With the Blackwell Society, Weill Cornell Medicine continues its legacy of supporting women | Writing
After Elizabeth Blackwell emigrated from England to the United States in 1832, she did something considered unthinkable for women at the time: she entered medical school. First graduating from her class of 1849 at the Geneva Medical School in upstate New York, Dr. Blackwell overcame countless hurdles, founding a medical school for women in 1868 that was absorbed by what is now Weill Cornell Medicine and establishing a hospital that is now NewYork-Presbyterian Lower Manhattan Hospital.
One year after the Blackwell Company was established at Weill Cornell Medicine to connect and support female faculty, the legacy and pioneering spirit of Dr. Blackwell and her sister, Dr. Emily Blackwell, remains indelible. Adding to a host of efforts by the Blackwell Society over the past 12 months to advance women, the 4th Annual Weill Cornell Medical Diversity Week will spotlight critical women leaders.
“Dr. Blackwell understood that sometimes she needed to create her own structures,” mentioned Dr. Geraldine McGinty, E. Darracott Vaughan, Jr., MD Senior Associate Dean for Clinical Affairs at Weill Cornell Medicine, who has been integral to the efforts of the Blackwell Society. “Women have understood that it is extremely important for us to be in the lead, because then we can be where decisions are made and overturn prejudices.
Launched on International Women’s Day 2021, the Blackwell Society hosted a dozen events for Weill Cornell Medicine faculty members – some attracting hundreds of attendees – on issues important to professional development women, including pay equity and transparency, leadership opportunities and well-being.
“We are responding to a clear need, and society has been a truly wonderful and necessary outlet,” said Dr Judy Tungassociate dean for faculty development at Weill Cornell Medicine, who led his training. “The topics we feature speak to women’s struggles and we provide a place for women to come together to discuss them safely and more deeply.”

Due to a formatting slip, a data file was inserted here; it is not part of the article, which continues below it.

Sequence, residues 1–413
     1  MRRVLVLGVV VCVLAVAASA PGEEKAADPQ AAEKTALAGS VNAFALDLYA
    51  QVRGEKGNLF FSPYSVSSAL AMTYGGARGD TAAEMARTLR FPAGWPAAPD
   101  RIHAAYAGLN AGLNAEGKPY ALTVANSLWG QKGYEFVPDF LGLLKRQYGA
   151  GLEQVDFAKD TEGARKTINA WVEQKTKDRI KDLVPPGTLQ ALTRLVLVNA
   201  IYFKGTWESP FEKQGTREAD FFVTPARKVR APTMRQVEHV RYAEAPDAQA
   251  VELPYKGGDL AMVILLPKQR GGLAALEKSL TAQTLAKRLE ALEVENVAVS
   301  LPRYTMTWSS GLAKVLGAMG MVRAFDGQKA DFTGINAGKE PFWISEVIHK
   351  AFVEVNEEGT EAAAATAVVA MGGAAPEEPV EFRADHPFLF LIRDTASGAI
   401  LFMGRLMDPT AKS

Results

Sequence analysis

This year’s Diversity Week highlights diversity, equity and inclusion across the system, with content and programming contributions from every department of Weill Cornell Medicine. Highlights included an appearance by New York State Health Commissioner Dr. Mary Bassett, who reflected on the racial and ethnic disparities evident during the COVID-19 pandemic; and an upcoming keynote address by Dr. Carol Bradford, Dean of The Ohio State University College of Medicine, on “Breaking the Glass Ceiling: Advance Your Career Without Limits.”
Much has transpired at Weill Cornell Medicine to uplift women in recent years, Dr. Tung noted, including the appointment of several women to department heads and other leadership positions, including Dr. McGinty .
“The downstream effects of these individuals, for example in creating mentoring structures and other opportunities, have been widespread and palpable,” Dr Tung said. “To me, this year’s Diversity Week feels very much like a celebration of that.”
In view of the growth of the Blackwell Society, Dr. Tung recently invited a dozen new members to join its Steering Committee. It aims to expand the membership of only faculty members to include staff, students, trainees, and organizations affiliated with Weill Cornell Medicine.
“I am very excited about the new directions the Blackwell Society is taking,” said Dr. Tung. “When we created it, we wanted to be fully inclusive, with no barriers to membership and with a smooth and scalable program, and we remain committed to these fundamental principles.”